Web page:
Shipping Down to Boston: Maine Sail Freight Arrives in Boston Harbor

Farming group the Greenhorns bring Maine-made farm goods to Boston—by schooner.
Maine Sail Freight

Maine Sail Freight schooner / Courtesy photo provided by the Greenhorns

Yes, the goods at Boston Public Market are already pretty spectacular (especially those cider donuts). And now, they’ve gone and upped the ante: Your groceries will be arriving in a wooden two-masted schooner.

This August, the Greenhorns—“a non-traditional grassroots non-profit organization made up of young farmers and a diversity of collaborators”—are channeling the spirit of the 19th century (and the ocean trade routes that once defined New England’s coastal cities) by loading up the schooner Adventure, with 11 tons of Maine-produced cargo and setting sail for Boston.

On August 29, the Maine Sail Freight voyage reaches Boston Harbor, docking in Long Wharf.

Packed in flour sacks, Beckford boxes, Port City canvas totes, or wooden barrels, Maine Sail Freight’s cargo includes such goods as dried heirloom beans, Ironbound Island seaweed, beeswax candles, apple syrup, and blueberry preserves.

Maine Sail Freight cargo

Maine Goods / Photos by Lawrence Braun, provided by the Greenhorns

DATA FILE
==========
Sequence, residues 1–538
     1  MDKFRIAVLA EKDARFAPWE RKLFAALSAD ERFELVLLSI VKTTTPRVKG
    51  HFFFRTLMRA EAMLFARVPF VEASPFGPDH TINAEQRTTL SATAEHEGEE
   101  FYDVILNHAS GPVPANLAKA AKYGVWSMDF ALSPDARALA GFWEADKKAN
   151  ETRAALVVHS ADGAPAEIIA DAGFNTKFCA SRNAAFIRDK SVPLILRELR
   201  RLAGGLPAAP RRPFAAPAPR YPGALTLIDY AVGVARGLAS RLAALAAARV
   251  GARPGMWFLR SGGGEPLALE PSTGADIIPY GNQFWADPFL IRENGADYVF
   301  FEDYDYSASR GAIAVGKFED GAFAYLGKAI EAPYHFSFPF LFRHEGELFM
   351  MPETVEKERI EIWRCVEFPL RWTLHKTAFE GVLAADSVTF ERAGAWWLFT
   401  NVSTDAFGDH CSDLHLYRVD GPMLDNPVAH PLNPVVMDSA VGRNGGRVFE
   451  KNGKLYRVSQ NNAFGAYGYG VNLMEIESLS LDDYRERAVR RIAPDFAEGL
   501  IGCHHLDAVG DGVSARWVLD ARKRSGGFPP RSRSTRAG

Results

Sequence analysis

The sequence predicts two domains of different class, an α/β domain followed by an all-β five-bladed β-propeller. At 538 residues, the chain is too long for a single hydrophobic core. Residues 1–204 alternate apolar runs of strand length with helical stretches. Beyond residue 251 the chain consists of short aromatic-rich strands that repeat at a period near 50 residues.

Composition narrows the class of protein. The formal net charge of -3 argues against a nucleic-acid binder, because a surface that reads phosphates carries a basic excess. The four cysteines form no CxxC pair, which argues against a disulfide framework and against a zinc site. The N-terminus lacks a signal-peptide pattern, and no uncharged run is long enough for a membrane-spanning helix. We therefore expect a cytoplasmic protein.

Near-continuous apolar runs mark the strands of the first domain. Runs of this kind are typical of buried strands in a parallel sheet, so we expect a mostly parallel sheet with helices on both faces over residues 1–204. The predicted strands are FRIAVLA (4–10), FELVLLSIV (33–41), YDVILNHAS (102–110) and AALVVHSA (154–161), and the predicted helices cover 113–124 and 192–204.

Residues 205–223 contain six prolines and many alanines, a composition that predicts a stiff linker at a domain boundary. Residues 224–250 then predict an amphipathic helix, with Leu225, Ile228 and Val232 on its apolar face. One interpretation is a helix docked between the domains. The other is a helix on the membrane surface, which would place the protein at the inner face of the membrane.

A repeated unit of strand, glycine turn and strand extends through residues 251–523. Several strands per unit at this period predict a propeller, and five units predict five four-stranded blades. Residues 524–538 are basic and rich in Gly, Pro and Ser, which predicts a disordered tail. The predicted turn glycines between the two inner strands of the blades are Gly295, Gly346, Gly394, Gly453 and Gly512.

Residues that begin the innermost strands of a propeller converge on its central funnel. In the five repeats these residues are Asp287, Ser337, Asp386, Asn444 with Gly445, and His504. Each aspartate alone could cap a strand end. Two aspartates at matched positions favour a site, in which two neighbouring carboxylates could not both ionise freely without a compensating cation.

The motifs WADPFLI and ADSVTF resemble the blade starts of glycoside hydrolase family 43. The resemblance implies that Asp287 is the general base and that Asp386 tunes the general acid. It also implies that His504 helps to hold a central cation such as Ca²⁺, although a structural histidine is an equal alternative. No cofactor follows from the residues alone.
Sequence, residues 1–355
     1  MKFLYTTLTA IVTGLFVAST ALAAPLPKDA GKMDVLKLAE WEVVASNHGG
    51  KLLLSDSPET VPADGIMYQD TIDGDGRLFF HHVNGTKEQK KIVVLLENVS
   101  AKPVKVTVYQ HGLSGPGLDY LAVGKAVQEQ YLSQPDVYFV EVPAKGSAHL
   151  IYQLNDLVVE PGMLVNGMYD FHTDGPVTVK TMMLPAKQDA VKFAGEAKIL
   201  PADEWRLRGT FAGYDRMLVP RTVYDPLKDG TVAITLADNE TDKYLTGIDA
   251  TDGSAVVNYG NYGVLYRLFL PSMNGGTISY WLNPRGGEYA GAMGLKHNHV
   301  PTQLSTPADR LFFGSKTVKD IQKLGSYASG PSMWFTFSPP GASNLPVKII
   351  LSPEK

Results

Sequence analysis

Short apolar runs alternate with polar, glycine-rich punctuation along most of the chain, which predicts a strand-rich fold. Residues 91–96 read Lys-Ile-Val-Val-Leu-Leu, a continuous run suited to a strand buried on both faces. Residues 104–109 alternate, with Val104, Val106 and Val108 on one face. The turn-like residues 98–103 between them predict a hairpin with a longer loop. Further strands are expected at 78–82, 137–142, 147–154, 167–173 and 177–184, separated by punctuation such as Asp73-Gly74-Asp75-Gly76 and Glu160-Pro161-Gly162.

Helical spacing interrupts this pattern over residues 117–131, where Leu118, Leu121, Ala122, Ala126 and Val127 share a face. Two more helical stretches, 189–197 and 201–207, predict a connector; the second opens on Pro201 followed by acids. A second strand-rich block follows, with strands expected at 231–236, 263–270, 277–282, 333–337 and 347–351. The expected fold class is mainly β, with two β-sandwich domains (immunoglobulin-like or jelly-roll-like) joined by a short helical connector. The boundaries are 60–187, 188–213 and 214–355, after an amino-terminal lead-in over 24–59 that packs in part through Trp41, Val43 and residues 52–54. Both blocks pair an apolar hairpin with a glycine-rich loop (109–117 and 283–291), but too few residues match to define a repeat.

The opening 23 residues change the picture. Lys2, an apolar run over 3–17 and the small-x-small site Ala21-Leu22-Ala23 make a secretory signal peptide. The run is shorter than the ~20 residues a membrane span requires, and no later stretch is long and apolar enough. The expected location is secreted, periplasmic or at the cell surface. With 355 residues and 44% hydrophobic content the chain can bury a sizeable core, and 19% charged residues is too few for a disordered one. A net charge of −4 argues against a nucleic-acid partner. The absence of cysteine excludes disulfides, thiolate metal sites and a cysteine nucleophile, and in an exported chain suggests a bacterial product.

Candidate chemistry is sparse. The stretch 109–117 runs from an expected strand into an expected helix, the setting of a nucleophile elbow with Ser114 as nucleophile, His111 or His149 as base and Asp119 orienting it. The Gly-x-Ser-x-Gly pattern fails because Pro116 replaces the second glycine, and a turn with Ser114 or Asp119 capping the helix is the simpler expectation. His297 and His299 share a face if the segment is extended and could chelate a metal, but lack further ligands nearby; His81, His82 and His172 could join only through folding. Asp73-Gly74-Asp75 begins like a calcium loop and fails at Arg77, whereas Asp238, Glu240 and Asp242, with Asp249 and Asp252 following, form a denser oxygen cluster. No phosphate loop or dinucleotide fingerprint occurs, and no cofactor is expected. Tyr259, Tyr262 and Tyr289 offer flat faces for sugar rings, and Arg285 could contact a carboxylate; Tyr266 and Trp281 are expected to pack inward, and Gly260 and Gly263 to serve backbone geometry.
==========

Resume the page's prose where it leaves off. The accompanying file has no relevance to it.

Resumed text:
How can you get your hands on this ocean-borne bounty when it arrives?

Head to the markets: Maine Sail Freight wares make an appearance at the Harvard University farmers’ market on September 1, and at a Boston Public Market stall on September 2.

But if you don’t want to wait that long, you can also pick it up at the dock while they’re unloading, straight from the hands of a stevedore. On August 30, go to Boston Harbor and buy your cargo directly off the ship (or if you’ve pre-ordered a Maine Sail Freight box, you can pick it up there). They start unloading cargo—some of it destined for bike delivery via “cherry red bike courier trailers”—at 8 a.m., and sales start at noon. Stick around for the entertainment, which includes schooner tours and sea shanties with Revels performer David Coffin.

In addition to heirloom beans, the Greenhorns come bearing food for thought. A part of their mission is to provoke discussion about where our food comes from. In a press release, they write: “We’re sailing a schooner—not just because it’s ecological when compared to supertankers spewing as many pollutants in an hour as 350,000 automobiles, but also because we’d like trade to operate scale that gives us resilience to climate change, history can teach us a lot about the logic of the landscape.”

For more info about Maine Sail Freight, visit thegreenhorns.net/mainesailfreight.